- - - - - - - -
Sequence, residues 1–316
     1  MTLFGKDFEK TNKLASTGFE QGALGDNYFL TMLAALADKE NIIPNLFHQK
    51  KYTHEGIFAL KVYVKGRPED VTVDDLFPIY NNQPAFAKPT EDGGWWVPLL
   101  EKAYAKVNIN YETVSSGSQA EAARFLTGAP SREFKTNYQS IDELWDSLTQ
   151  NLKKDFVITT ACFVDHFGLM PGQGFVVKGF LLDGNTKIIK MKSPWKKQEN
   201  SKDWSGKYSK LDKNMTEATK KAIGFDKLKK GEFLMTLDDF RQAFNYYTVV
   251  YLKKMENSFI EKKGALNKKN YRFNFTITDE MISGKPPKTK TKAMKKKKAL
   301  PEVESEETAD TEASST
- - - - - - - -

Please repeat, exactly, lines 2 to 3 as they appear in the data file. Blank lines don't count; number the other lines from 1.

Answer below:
     1  MTLFGKDFEK TNKLASTGFE QGALGDNYFL TMLAALADKE NIIPNLFHQK
    51  KYTHEGIFAL KVYVKGRPED VTVDDLFPIY NNQPAFAKPT EDGGWWVPLL